There was a declaration at the foot of the Certificate to the effect 'Open and assessment delivery granted without prejudice to the Railway rights to repudiate claim under law.' Thus, the Damage Certificate cannot be construed as an admission or acknowledgment of liability on the part of the Railway Administration. In fact, they denied their liability and resisted the plaintiff's claim. But once the liability of the Railway is established, the Court can look into the Damage Certificate for the purpose of finding out the measure of damage. When a responsible officer of the Railway has granted the Certificate, that must be presumed to have been done on proper in-section,
10. The evidence of P. W. 4 Laxminarayan Singh who had taken delivery of the consignment would show that the assessment of damages was made in his presence and he fully agreed with the assessment. He stated that the damage was assessed by separating the goods by different lots. The percentage of damages of different lots as given by him tallies with that mentioned in the Damage Certificate. According to him, the total quantity of entirely rotten potato-seeds came to 143| baskets and the same were thrown on the land of one Nilamani Ghosh. This evidence went unchallenged, Nothing substantial has been brought out in his cross-examination as to cast any doubt about his veracity. His evidence about the extent of damage finds corroboration from the entries made in the Perishable Delivery Book maintained at the Cuttack Railway Station--vide Ext. 11. He has signed the relevant entry in Ext. 11 and his signature has been proved and marked as Ext. 11/A. The defendants have not adduced any evidence to show that the potato seeds were fit for germination or human consumption. The evidence on the side of the plaintiff clearly establishes that the potato seeds were purchased at Rs. 24 per basket and that the same were in good condition at the time of booking.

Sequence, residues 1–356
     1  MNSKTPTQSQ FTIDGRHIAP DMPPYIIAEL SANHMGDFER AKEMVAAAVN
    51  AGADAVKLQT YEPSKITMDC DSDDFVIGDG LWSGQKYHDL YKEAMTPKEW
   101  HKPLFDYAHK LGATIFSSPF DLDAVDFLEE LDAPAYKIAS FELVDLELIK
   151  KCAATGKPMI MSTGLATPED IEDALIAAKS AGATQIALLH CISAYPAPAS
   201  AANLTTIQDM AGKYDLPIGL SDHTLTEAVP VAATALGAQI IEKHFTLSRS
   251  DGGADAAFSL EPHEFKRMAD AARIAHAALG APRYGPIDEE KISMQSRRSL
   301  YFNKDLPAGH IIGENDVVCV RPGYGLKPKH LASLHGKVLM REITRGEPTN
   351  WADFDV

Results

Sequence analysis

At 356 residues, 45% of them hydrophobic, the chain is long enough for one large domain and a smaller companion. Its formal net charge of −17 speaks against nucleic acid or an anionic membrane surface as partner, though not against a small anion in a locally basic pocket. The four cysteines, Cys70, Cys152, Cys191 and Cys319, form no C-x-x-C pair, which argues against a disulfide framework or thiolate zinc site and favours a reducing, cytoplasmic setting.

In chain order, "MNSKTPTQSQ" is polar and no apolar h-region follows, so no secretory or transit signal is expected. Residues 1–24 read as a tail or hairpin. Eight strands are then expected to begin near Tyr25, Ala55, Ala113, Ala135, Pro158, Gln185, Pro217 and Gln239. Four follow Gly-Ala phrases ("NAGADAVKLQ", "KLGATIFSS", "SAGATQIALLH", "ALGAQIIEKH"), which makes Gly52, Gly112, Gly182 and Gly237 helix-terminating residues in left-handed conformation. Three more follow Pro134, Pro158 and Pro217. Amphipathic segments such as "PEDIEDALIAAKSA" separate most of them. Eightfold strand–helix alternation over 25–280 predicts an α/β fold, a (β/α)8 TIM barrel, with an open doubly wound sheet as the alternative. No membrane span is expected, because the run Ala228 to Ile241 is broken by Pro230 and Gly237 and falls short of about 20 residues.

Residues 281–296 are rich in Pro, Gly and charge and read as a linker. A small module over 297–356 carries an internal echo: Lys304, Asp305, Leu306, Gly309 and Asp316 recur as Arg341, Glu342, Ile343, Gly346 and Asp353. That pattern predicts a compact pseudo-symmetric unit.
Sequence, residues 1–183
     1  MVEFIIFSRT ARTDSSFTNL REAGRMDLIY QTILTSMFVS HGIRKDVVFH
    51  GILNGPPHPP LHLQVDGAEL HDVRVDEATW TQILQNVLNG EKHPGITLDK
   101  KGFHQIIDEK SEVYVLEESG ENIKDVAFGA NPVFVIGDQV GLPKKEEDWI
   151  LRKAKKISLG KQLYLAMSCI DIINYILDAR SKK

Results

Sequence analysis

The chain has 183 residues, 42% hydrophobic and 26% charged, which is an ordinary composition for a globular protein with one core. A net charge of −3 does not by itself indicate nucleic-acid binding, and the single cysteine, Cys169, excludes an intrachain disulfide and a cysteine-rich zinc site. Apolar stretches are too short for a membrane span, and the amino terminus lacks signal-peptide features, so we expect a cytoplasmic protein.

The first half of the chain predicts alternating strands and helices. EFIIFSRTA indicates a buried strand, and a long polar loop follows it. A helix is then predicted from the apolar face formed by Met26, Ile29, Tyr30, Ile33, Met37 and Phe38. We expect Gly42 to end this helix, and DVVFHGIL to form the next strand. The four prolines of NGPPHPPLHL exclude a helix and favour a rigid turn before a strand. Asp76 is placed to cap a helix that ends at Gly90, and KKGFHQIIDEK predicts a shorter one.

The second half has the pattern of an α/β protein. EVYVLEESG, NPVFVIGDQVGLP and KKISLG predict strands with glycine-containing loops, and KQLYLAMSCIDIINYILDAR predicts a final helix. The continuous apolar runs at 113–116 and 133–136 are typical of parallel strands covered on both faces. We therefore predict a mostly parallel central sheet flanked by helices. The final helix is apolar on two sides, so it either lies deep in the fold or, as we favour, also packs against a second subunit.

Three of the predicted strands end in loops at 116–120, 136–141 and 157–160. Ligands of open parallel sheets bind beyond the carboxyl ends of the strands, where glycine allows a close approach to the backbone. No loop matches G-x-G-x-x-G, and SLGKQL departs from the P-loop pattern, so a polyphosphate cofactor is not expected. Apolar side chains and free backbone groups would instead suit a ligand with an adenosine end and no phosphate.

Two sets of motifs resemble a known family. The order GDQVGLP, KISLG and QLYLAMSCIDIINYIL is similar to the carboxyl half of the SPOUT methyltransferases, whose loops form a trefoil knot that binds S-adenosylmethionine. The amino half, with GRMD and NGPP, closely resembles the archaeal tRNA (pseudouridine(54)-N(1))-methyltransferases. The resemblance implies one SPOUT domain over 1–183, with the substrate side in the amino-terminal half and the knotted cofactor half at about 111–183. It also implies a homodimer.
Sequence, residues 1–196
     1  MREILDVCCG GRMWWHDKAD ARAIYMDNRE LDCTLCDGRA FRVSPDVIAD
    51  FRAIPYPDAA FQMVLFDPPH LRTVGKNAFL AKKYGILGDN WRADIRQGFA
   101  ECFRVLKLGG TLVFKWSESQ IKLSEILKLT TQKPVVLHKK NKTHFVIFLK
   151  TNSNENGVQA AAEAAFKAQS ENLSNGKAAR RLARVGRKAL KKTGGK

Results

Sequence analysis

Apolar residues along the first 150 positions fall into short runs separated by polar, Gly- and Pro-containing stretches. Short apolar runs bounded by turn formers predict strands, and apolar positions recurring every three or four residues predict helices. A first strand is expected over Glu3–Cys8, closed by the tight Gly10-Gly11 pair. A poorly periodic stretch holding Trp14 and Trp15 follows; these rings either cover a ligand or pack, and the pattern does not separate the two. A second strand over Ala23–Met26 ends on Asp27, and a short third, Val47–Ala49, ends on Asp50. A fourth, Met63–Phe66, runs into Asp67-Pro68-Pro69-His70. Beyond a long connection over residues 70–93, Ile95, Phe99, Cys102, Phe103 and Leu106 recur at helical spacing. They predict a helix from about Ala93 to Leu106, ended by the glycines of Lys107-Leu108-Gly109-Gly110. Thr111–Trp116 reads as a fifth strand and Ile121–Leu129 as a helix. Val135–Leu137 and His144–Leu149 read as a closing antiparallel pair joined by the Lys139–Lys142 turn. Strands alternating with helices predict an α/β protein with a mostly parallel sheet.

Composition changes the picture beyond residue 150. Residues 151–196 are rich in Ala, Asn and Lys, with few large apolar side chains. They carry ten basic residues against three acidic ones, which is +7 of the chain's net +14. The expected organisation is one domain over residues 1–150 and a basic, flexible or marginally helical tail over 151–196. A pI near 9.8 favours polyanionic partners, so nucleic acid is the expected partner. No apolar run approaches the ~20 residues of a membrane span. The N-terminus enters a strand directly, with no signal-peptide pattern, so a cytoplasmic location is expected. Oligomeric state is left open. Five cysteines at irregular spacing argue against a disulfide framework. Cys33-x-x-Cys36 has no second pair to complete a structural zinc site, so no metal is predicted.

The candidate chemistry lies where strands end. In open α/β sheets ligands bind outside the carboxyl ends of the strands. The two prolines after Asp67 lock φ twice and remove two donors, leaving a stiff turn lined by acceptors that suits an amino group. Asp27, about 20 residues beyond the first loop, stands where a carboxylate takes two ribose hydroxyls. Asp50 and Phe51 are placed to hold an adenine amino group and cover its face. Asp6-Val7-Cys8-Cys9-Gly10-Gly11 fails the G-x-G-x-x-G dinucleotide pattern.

11. It is pertinent to mention in this connexion that the claim of Rs. 3,444 towards the price of 143 1/2 baskets of potato seeds and Rs. 233.85 paise towards the proportionate railway freight was not disputed by the defendants before the learned Trial Judge. In para 11 of the judgment, he has observed: 'With regard to the first claim I not only feel myself reluctant to give any negative finding, I also find the defence to have no such objection'. He has further observed that the entire attack of the defence was that the Railway Administration was not liable for the claim of compensation of Rs. 3,957 towards the price of 163 1/2 baskets of potato seeds and the cost of unloading etc.
12. On a careful consideration of the oral and documentary evidence on the record we agree with the learned Trial Judge that the plaintiff sustained loss of 143 1/2 baskets of potato seeds on account of the negligence on the part of the Railway Administration and he is entitled to compensation, as claimed.
13. In the premises aforesaid, we find no merit in this appeal and it is accordingly dismissed with costs, the decision of the trial Court being affirmed.
14. I agree.